A digital implementation of other elements of the coherent multicarrier controller is also possible. For example, in an alternative embodiment of the phase variable comb generator 176 (FIGS. 4 and 11) a digital Arbitrary Function Generator (AFG) operating in the periodic mode can be used to generate a waveform containing the superposition of all required harmonically related reference signals at their desired amplitudes and phases. The DSP of control unit 172 would then perform all calculations to compute the changes required in the composite waveform stored in the AFG and subsequently will write the result into the AFG. A description of the Arbitrary Function Generator embodiment and function can be found in the Technical Tutorial section of the LeCroy catalog cited above. In applications where the composite coherent signal consists of unmodulated signals, such applications may arise in test signal generators, the AFG output can be connected directly to the combiner 182 (FIGS. 4 and 11), wherein the combining of the various harmonically related signals comprising the composite signal is achieved numerically in the DSP and subsequently stored in the AFG.

The multicarrier controller thus described and depicted schematically in FIG. 11, lends itself to immediate application in a coherent CATV head-end. In its most likely configuration, the phase variable comb generator, auxiliary carrier generator, phasor analyzer and the associated processing devices including the microcontroller and the DSP of the control unit, may all be housed in one housing. The input to the housing may consist of one line carrying N combined modulated RF signals while the outputs of the housing may consist of N phase reference signals (that may be combined on a single loop-through cable) that feed the "reference input" of N standard phase-locked CATV modulators. The combined signal may be output to feed the CATV network, such as shown in FIG. 1, which may include a power divider distributing the optimized signal to the laser transmitters serving fiber nodes. Thus, for a well controlled frequency response in the power divider, and for uniform characteristics in the frequency response of the laser transmitters, only one such controller would be necessary and each laser transmitter would require a wideband coupler, i.e., a microwave component to couple electrical signals to the laser. It may be desireable to supply monitor line 184 of FIG. 11 from an optical photodetector, thereby including the laser transmitter in this closed loop so as to ensure an optimization of peak amplitude or bilevel characteristics at the very last stage of transmission.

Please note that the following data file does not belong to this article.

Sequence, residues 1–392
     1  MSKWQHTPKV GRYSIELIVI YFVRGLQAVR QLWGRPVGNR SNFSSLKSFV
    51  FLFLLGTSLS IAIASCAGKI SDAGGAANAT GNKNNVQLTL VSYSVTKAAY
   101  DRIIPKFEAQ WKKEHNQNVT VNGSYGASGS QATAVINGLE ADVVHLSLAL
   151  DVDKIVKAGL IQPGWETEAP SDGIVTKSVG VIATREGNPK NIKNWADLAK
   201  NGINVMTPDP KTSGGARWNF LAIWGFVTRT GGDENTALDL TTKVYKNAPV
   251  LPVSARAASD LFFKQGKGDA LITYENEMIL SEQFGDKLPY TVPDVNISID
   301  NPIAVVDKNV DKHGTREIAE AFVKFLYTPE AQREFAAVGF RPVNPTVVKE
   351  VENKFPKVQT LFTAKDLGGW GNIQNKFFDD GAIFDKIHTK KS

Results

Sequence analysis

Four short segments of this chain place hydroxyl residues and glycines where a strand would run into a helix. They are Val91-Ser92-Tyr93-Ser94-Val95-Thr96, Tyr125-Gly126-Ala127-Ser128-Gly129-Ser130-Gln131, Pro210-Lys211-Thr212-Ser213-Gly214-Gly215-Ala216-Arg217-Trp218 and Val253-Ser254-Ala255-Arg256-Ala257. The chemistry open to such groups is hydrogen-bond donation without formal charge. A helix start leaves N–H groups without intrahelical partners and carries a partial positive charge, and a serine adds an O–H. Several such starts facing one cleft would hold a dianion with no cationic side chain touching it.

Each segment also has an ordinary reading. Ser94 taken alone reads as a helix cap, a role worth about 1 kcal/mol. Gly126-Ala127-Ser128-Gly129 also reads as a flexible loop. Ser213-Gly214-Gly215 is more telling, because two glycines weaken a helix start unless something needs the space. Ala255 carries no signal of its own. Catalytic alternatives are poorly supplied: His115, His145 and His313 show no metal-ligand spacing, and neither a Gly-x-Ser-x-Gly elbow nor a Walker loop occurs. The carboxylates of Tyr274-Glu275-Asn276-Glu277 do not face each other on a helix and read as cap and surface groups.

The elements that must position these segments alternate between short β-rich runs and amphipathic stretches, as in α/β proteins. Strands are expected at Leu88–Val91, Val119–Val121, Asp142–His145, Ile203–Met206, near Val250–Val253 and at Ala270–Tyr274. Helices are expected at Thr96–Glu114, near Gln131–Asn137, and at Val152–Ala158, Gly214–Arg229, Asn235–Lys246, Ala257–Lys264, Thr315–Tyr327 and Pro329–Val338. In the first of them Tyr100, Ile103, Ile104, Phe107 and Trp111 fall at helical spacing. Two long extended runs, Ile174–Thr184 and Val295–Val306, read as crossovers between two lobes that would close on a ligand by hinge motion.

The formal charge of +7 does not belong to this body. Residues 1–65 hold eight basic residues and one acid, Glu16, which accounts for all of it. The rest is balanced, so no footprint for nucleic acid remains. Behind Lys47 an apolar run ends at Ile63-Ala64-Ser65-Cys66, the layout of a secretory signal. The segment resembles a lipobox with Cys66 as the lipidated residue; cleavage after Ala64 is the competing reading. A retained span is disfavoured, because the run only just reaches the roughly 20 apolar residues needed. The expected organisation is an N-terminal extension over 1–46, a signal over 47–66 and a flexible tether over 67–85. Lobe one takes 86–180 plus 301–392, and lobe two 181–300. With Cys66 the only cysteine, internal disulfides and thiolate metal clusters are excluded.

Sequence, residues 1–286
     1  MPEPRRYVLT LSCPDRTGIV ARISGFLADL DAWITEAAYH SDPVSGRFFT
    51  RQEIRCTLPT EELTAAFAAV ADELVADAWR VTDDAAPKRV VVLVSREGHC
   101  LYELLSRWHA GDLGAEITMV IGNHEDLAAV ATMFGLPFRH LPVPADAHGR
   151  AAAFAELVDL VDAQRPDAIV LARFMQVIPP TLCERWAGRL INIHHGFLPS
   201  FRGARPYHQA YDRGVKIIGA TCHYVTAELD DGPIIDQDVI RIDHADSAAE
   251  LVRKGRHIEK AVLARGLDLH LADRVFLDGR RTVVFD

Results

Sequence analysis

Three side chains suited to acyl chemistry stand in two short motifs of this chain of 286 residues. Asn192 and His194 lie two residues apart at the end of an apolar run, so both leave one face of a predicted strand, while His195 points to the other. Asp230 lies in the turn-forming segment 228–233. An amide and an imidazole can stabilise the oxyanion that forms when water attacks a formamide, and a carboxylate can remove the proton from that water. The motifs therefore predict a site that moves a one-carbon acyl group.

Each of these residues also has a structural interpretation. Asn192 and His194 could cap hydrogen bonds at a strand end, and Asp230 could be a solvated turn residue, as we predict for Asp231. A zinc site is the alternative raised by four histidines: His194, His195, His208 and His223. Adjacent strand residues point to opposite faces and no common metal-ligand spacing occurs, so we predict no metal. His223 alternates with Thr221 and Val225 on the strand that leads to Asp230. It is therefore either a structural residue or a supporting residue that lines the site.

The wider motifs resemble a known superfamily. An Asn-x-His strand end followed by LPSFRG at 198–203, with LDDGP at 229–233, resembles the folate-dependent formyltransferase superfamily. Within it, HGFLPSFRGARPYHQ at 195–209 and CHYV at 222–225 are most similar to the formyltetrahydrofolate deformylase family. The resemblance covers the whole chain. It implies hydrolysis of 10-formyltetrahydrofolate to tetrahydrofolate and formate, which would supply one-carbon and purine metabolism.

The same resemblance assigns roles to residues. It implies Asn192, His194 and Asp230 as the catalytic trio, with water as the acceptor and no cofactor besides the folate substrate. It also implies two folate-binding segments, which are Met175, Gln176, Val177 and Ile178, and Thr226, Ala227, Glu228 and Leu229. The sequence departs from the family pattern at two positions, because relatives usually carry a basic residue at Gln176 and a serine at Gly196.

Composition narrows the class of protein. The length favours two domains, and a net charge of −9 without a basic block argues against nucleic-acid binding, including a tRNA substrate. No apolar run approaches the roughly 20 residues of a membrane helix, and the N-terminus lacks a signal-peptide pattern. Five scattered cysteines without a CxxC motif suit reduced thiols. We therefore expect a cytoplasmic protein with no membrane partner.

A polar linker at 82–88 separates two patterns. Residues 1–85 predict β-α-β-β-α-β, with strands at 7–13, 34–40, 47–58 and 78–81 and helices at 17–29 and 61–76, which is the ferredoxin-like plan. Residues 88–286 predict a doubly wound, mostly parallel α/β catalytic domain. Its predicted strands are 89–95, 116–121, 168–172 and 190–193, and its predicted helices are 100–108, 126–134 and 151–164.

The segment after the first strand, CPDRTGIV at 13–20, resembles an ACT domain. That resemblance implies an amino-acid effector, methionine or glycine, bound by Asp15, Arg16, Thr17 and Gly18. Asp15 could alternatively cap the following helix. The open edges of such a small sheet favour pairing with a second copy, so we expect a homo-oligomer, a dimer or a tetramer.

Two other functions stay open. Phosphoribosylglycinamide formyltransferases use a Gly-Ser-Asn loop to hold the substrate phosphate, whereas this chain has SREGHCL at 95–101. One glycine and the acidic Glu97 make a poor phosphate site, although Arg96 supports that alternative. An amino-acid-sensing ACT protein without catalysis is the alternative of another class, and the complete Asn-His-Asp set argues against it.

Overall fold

As indicated earlier, the auxiliary carriers need not be carried beyond the laser transmitter. However, their filtering out after the receiver detector may not be required, as the gradual loss of the auxiliary carriers takes place down the cascade of the bridges and line extenders. From distortion considerations, although optimality conditions for these auxiliary carriers are expected to degrade down the cascade, it may well prove advantageous to leave such low level auxiliary carriers in place since they are transmitted with phases and amplitudes adjusted to minimize distortions through any nonlinearity. In other words, the penalties incurred in filtering out the auxiliary carriers may outweigh the benefits of retaining them in the multicarrier signal.